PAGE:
A. The treatment depends on whether your dog continues to lick at the spot. If she will not leave it alone, you need to treat the cause of the allergy first, and then prevent her from licking it. You can treat the spot with over-the-counter hydrocortisone or Benadryl cream as long as you distract her from licking after you put it on, such as by going for a walk.
If she can't stop licking, she may need an Elizabethan collar (an "e-collar") to prevent her from reaching the spot. These can be purchased at a pet supply store.
If she is no longer bothering the spot but the hair is not growing back, it is possible that because of scar tissue the hair will not re-grow. A skin supplement such as Lipiderm may be helpful in encouraging hair growth, and can also help with skin health.
Q. I have a 5-1/2-year-old cat and he always seems to have a pink or red eye that accumulates junk. What should I do for him? I have taken him to the vet and was told that this is normal and nothing to worry about, but sometimes I catch my cat rubbing his eyes.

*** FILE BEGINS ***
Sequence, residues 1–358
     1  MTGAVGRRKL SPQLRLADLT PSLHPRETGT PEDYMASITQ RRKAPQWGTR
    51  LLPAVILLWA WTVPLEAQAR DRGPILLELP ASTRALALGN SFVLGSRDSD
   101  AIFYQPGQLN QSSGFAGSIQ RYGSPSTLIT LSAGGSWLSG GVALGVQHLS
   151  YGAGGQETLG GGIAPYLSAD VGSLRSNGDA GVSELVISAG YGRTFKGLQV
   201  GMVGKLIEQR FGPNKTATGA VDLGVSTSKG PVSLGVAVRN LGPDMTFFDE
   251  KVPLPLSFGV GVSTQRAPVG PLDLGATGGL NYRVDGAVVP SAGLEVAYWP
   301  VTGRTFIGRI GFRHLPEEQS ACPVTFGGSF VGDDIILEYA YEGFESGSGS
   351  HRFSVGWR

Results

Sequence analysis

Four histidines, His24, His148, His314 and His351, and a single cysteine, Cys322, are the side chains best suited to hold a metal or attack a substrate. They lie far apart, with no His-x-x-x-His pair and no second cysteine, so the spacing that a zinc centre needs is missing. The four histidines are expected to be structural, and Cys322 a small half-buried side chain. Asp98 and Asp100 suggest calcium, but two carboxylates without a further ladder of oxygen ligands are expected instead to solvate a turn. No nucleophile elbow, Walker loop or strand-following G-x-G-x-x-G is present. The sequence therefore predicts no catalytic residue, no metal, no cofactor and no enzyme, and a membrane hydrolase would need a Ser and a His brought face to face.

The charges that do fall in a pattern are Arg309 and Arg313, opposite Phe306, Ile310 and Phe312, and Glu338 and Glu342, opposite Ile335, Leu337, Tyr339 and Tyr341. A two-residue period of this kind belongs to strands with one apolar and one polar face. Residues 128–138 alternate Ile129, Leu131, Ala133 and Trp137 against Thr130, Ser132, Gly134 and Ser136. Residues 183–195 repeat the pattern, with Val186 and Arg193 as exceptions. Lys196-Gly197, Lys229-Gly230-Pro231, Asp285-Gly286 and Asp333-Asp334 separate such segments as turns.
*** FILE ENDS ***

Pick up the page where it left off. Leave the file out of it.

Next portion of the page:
A. While a little bit of eye discharge can be normal, persistent redness and irritation can be signs of either allergy or infection. Both of these conditions are treatable. Even herpesvirus infection, which can never really be completely eliminated, can be managed to make the cat much more comfortable.
If you take your cat in while the eye is "flaring up" the veterinarian will be better able to evaluate the problem. If you still are not satisfied, you may want to try getting a second opinion, possibly from a veterinary ophthalmologist.
Dr. Heidi Strand is a veterinarian for the East Bay SPCA in Dublin. She has lived in the Tri-Valley for 10 years with her family and an assortment of four-legged friends. Questions can be mailed to 315 Diablo Road, Suite 100, Danville 94526; or e-mailed to email@example.com. Her column runs every other week.